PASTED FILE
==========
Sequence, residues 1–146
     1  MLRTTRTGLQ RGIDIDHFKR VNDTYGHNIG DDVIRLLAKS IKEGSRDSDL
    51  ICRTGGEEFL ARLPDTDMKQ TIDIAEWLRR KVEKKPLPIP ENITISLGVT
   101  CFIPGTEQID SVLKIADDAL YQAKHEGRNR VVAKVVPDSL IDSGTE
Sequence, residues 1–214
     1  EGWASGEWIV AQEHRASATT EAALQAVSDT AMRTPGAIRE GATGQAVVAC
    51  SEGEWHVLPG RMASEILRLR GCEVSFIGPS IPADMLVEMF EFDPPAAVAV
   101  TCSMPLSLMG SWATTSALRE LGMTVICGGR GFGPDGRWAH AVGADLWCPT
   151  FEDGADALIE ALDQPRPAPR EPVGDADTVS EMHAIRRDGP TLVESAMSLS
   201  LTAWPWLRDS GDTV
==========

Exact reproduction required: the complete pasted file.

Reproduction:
Sequence, residues 1–146
     1  MLRTTRTGLQ RGIDIDHFKR VNDTYGHNIG DDVIRLLAKS IKEGSRDSDL
    51  ICRTGGEEFL ARLPDTDMKQ TIDIAEWLRR KVEKKPLPIP ENITISLGVT
   101  CFIPGTEQID SVLKIADDAL YQAKHEGRNR VVAKVVPDSL IDSGTE
Sequence, residues 1–214
     1  EGWASGEWIV AQEHRASATT EAALQAVSDT AMRTPGAIRE GATGQAVVAC
    51  SEGEWHVLPG RMASEILRLR GCEVSFIGPS IPADMLVEMF EFDPPAAVAV
   101  TCSMPLSLMG SWATTSALRE LGMTVICGGR GFGPDGRWAH AVGADLWCPT
   151  FEDGADALIE ALDQPRPAPR EPVGDADTVS EMHAIRRDGP TLVESAMSLS
   201  LTAWPWLRDS GDTV